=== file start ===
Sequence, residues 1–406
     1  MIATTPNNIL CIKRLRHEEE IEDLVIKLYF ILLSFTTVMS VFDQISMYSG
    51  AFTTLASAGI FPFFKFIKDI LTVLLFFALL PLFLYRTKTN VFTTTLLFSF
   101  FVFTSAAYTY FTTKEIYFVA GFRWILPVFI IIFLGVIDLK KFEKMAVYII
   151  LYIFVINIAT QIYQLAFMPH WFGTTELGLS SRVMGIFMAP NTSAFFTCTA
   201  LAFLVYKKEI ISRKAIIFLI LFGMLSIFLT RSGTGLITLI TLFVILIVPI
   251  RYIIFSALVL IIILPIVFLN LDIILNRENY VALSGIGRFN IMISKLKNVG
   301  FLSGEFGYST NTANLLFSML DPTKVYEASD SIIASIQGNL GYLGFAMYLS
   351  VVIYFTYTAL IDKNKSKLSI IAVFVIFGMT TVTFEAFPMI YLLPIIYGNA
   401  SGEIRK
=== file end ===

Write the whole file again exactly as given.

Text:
Sequence, residues 1–406
     1  MIATTPNNIL CIKRLRHEEE IEDLVIKLYF ILLSFTTVMS VFDQISMYSG
    51  AFTTLASAGI FPFFKFIKDI LTVLLFFALL PLFLYRTKTN VFTTTLLFSF
   101  FVFTSAAYTY FTTKEIYFVA GFRWILPVFI IIFLGVIDLK KFEKMAVYII
   151  LYIFVINIAT QIYQLAFMPH WFGTTELGLS SRVMGIFMAP NTSAFFTCTA
   201  LAFLVYKKEI ISRKAIIFLI LFGMLSIFLT RSGTGLITLI TLFVILIVPI
   251  RYIIFSALVL IIILPIVFLN LDIILNRENY VALSGIGRFN IMISKLKNVG
   301  FLSGEFGYST NTANLLFSML DPTKVYEASD SIIASIQGNL GYLGFAMYLS
   351  VVIYFTYTAL IDKNKSKLSI IAVFVIFGMT TVTFEAFPMI YLLPIIYGNA
   401  SGEIRK